The continuing focus on the future of farrowing crates has inevitably prompted increased in free farrowing systems. Here, ARM outlines some positive feedback from farmers who have already made the transition.
Ever since the British pig industry became badly caught-out by the unilateral banning of sow stalls in 1999, great attention has been paid to welfare. Richard Body’s Bill was seen as a major factor in the virtual halving in the size of a national sow herd.
Supermarkets were keen to show the ‘ethical’ origins of British pigmeat (while shamelessly buying cheap pork from the continent) accelerating the trend to outdoor farrowing, which now accounts for over 40% of the herd.
It’s not surprising that the substantial indoor sector is wary about the future and this, together with the threat of further legislation on farrowing crates, has contributed to increasing interest in ‘freedom’ farrowing systems.
Pig housing specialist, ARM buildings, has reported a surge of orders for these free-style farrowing pens and expects to have completed well over a thousand installations later this year. The company has installed four different systems, all of which have been developed on the continent, where most sows are farrowed in intensive systems, perhaps creating a greater need for more welfare-friendly systems.
The influential German market is a big driver of that development. Expectations are that legislation will require all sows in that country to be offered free farrowing systems by 2035. Although the exact requirements are not yet known, it is anticipated that the total pen area will be 6.5 sq m with the unconfined sows having access to 4.5 sq m of space and will be allowed to be confined within a crate for five days. This seems to be broadly what manufacturers are working to.
ARM, which has recently taken on the Nijenkamp free farrowing system, has been investigating farmers’ experiences with the systems that it has already supplied and also the performance from them. Most freedom farrowing pens have been installed in brand new houses so the company is keen to point out that a direct comparison cannot fairly be made between performance in the old and new systems.
Last year, Pig World, reported on northern farmer, Bill Bacon (who does not want his name published, as he is wary of animal rights activists, despite, ironically, investing thousands of pounds on housing to improve the welfare of his pigs). ARM supplied him with new buildings containing 80 farrowing pens with the Big Dutchman freedom-style layout.
Since the pens were installed there have been 691 farrowings, with an average of 14.85 pigs born alive and 13.11 reared. This compared with 565 farrowings under the old, conventional crate system with 14.38 born alive and 11.63 reared. Interestingly, average piglet weaning weight has increased from 7.8 kg to 8.1 kg while total litter weight improved from 90.71kg to 106 kg.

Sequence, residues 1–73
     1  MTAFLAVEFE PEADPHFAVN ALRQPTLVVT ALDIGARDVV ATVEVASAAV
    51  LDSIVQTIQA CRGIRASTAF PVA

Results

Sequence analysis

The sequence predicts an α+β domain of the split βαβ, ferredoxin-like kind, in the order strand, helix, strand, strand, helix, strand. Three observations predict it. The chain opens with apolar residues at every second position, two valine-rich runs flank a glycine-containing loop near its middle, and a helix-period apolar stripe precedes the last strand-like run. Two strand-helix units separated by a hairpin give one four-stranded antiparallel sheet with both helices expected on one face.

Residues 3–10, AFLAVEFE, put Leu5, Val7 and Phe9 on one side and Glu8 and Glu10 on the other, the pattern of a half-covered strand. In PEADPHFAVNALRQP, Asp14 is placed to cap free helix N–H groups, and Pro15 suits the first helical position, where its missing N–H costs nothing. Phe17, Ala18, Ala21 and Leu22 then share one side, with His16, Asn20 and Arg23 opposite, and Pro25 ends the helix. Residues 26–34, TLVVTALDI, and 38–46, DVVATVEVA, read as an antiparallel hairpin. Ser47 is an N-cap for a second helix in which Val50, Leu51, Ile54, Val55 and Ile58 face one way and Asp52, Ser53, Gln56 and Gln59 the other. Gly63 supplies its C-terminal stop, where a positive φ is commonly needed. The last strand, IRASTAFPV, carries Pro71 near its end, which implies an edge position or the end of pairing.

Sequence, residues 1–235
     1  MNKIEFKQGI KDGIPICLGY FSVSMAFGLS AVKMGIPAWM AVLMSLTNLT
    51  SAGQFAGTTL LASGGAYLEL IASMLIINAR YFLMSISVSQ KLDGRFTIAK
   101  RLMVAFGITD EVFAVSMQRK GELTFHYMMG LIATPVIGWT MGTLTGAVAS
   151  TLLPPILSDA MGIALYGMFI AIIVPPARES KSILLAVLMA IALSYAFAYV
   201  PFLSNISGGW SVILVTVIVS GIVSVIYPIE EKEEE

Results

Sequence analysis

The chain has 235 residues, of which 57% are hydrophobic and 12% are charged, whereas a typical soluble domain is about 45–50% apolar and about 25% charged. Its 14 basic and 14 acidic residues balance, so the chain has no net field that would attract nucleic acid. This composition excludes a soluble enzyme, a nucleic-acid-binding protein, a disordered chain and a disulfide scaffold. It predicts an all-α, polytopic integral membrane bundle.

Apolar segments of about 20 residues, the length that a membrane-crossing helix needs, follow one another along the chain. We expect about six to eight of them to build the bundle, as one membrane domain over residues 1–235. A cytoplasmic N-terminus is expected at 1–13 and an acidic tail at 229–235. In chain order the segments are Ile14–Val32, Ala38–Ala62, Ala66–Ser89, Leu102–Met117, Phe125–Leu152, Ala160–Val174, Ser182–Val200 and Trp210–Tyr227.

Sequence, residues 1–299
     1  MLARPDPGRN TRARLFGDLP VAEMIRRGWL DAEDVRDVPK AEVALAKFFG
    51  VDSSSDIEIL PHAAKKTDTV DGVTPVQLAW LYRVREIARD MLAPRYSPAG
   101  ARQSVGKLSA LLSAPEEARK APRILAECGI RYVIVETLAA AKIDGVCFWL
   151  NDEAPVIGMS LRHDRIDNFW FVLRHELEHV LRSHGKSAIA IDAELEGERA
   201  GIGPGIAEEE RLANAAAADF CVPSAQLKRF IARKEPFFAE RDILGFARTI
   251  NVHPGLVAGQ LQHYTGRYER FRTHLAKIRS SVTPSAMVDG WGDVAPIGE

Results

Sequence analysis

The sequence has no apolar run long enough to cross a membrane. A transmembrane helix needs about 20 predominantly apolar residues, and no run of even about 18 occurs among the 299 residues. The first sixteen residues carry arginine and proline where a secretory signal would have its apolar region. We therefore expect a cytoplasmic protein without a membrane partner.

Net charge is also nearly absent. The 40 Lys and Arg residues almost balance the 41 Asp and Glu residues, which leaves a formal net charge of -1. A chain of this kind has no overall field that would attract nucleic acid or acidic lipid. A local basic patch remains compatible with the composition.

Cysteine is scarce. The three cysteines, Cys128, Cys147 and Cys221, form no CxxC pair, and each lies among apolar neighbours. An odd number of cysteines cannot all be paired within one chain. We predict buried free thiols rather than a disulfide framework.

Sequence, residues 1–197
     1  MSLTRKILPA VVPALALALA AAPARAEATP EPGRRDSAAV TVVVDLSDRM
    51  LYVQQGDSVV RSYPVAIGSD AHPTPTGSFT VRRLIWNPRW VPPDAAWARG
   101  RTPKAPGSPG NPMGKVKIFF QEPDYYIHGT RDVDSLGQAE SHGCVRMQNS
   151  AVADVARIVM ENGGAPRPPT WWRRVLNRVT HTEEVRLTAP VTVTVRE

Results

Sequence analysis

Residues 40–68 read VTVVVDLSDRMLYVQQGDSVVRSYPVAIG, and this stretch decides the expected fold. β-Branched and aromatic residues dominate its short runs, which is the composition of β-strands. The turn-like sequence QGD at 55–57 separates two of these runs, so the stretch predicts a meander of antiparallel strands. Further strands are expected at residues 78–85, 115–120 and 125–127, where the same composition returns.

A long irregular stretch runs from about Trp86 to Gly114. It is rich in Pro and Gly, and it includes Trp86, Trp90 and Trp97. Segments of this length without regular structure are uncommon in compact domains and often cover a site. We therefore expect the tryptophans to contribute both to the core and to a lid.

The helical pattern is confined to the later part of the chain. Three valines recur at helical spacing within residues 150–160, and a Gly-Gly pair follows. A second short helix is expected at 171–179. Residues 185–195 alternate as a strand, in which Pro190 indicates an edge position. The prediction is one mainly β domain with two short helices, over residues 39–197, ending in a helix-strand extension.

“In general, we are very pleased with the system although there are still plenty of things that can be improved upon. Pre-weaning mortality has come down from 18% in the old buildings to 11.6%, but we feel this could be reduced still further,” said Bill.
Sows are a lot calmer and their feed intake is up leading to the higher weaning weights. The ability to shut the sow in makes vaccinating the piglets very easy.
“The particular crate design meant that there is reduced space for the creep feeder, but after testing different types we have found one that suits the pen,” he said.
Would Bill recommend the system to other pig farmers? “Yes, and if you asked my pigman, who had 40 plus years’ experience, if he wanted to go back to conventional crates, his response would be ‘no’.”
Tim Miller, ARM’s environmental specialist, has visited most of the large freedom-style systems operating in the UK and ease of management has been the predominant feedback. The lack of stress when getting sows in and out of the pens and the restraint of the sow during routine treatment of piglets has been noted.
All systems have a 6.0 sq m ‘footprint’, but the open area for the sow varies from under 3,0 sq m to 4.2 sq m according to the crate design and pen configuration.
If time allows, farmers put their sows in the pens around five days before farrowing, with the crate open, so she has the freedom of the pen, although most put the sow straight into the crate as they farrow soon after. At farrowing they are only enclosed for three or four days before being released. Most of the systems provide ad lib feeding for the sows from farrowing.
One large scale unit with 200 freedom pens in northern England is achieving a remarkable 6-8% mortality from 14.7 piglets born alive and is now installing a further 200 pens.
“So far, very few downsides have been reported – but the main one is, obviously, expense. Construction costs per sow increase if fewer sows are put into a house of a given size and this can amount to an extra 40-50%”, said Mr Miller.
“Depending on the design, the equipment and ventilation system, size of room, costs can vary and normally start at around £4,500 per sow place. But this must be set against improved performance, more contented sows, and happier staff, apart from future-proofing a unit against probable future legislation and consumer reaction.”